This premier journal for researchers and scientists recently dedicated an entire issue to educating the science and medical community about Glyconutrients, Glycobiology and Glycoscience.

Scientific American

“Changing Cancer Cells’ ‘Surface Sugars’ Can Inhibit Tumor Growth.”

Medicine, Jan. 22, 2002

“The key to halting cancer cells may lie in their sugary coats”, scientists say. Carbohydrate molecules surround all cells and help them to identify and interact with one another. Now new research, published today in the Proceedings of the National Academy of Sciences, indicates that altering some of the surface sugars associated with cancer cells can control tumor growth. The findings suggest that the sugars could one day serve as targets for new anti-cancer therapies

Harpers Biochemistry

A medical textbook that has been educating healthcare professionals about Glyconutrients and their role in health and healing since 1996. From a clinical perspective, one class of nutrients absolutely necessary for optimal cellular communication and which is essentially missing from our food supply is glyconutrients. These are necessary carbohydrates (mono-saccharides) that according to the 1996 edition of Harper’s Biochemistry, only 2 or 3 of the necessary 8 are commonly found in our diet. These mono saccharides provide the necessary building blocks that enable the cells of our body to communicate effectively.

Drug Topics


March 01, 1999

Nutraceuticals represent a powerful new professional and marketing opportunity. Are you ready for it?

26 October 2002

Biologists are only just beginning to get to grips with these sugars, but as they do they are finding themselves having to rethink long-held ideas about how life works. “This is going to be the future,” declares biochemist Gerald Hart of Johns Hopkins University in Baltimore. “We won’t understand immunology, neurology, developmental biology or disease until we get a handle on glycobiology.”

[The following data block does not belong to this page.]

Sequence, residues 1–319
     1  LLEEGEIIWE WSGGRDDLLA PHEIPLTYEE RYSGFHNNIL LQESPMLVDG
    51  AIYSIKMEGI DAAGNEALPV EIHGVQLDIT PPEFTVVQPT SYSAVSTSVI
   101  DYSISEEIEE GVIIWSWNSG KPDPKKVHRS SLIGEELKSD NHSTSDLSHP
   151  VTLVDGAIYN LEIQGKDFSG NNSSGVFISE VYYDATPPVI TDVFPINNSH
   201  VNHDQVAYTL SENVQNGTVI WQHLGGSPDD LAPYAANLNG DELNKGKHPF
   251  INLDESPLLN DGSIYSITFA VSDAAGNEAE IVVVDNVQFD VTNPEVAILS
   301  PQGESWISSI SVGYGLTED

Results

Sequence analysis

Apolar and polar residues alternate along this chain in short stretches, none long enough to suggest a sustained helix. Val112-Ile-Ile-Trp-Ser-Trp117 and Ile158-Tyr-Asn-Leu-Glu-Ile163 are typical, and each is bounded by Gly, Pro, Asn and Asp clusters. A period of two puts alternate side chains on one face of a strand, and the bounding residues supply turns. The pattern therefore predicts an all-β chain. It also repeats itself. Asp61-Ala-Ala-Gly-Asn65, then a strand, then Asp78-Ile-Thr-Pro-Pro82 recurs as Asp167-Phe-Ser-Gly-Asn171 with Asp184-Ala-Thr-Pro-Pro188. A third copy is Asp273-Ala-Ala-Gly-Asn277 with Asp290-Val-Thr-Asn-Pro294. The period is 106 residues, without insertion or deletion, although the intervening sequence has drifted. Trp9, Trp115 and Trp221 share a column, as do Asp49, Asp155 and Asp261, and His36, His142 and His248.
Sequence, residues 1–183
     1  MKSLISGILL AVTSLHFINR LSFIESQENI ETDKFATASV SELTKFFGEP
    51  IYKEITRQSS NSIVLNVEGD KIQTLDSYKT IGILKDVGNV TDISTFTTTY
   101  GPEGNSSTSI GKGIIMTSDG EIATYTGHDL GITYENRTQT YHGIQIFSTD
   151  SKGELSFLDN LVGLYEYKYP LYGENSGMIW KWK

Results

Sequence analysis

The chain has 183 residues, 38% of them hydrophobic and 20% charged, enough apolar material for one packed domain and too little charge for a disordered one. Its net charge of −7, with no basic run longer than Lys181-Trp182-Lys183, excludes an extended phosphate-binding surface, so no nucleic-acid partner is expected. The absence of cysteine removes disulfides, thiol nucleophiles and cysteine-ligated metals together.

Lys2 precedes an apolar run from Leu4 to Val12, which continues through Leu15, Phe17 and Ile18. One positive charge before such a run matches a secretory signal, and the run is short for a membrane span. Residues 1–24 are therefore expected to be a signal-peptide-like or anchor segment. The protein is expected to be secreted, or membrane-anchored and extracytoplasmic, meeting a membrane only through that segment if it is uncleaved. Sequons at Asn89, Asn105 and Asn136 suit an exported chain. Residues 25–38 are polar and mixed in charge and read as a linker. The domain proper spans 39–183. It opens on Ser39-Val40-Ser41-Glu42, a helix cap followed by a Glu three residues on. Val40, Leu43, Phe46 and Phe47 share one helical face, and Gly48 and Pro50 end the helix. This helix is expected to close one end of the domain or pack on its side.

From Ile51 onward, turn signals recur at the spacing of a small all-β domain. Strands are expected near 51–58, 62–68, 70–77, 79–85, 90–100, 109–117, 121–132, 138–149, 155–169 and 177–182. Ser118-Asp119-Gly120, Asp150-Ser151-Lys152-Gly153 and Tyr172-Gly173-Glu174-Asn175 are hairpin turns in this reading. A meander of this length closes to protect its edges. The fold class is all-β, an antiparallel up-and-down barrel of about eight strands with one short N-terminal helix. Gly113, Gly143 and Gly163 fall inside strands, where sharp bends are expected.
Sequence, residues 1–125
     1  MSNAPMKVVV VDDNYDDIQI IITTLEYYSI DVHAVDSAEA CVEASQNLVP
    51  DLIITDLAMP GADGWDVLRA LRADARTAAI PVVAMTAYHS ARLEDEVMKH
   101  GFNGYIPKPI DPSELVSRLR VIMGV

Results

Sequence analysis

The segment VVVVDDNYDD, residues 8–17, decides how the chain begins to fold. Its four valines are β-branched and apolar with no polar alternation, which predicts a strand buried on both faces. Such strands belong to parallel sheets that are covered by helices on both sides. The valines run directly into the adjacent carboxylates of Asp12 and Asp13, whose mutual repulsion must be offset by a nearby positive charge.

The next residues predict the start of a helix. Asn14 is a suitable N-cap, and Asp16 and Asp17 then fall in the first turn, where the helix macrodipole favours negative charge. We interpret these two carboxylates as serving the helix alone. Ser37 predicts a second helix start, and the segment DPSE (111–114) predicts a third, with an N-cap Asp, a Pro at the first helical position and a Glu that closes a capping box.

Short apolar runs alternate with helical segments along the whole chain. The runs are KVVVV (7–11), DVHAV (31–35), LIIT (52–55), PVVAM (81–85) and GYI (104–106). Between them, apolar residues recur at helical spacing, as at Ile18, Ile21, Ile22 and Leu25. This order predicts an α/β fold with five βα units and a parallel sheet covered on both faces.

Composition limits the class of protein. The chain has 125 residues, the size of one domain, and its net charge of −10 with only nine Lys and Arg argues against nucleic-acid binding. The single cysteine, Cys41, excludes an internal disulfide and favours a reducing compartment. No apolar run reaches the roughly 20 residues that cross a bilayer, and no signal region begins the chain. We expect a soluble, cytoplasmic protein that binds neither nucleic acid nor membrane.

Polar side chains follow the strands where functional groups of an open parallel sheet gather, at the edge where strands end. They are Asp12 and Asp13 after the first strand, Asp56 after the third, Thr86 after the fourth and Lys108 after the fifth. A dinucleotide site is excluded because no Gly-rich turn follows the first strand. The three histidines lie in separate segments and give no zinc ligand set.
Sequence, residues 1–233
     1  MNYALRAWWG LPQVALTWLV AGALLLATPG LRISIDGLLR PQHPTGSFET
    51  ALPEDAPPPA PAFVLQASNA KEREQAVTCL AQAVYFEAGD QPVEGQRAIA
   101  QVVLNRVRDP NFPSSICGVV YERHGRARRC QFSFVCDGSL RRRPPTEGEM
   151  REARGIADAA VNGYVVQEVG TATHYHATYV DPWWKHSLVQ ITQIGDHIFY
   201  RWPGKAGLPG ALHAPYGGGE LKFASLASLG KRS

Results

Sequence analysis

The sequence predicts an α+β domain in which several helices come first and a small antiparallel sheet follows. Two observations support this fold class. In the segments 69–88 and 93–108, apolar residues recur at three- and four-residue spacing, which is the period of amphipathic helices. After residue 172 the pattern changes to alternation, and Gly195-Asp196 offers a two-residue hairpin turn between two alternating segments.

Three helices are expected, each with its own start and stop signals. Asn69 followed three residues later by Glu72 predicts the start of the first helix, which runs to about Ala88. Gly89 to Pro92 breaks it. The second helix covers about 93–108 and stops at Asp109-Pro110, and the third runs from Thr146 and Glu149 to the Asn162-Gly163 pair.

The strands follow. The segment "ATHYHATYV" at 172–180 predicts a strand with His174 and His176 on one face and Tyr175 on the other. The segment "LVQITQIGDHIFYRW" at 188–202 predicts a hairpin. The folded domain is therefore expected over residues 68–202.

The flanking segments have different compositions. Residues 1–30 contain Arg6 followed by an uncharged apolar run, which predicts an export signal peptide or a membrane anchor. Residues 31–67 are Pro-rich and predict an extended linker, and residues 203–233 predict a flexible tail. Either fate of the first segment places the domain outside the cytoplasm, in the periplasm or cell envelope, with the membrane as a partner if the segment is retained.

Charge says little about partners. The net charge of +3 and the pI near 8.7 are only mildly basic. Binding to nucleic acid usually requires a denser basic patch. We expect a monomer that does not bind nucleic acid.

Scientific American

~ September-October 2003. “The Sweet Science of Glycobiology” Complex carbohydrates, molecules that are particularly important for communication among cells, are coming under systematic study.

Carbohydrates are indispensable to life on Earth. In their simplest form, they serve as a primary energy source for sustaining life. For the most part, however, carbohydrates exist not as simple sugars but as complex molecular conjugates, or glycans. Glycans come in many shapes and sizes, from linear chains (polysaccharides) to highly branched molecules bristling with antennae-like arms. And although proteins and nucleic acids such as DNA have traditionally attracted far more scientific attention, glycans are also key to life. They are ubiquitous in nature, forming the intricate sugar coat that surrounds the cells of virtually every organism and occupying the spaces between these cells. As part of this so-called extracellular matrix, glycans, with their diverse chemical structures, play a crucial role in transmitting important biochemical signals into and between cells. In this way, these sugars guide the cellular communication that is essential for normal cell and tissue development and physiological function.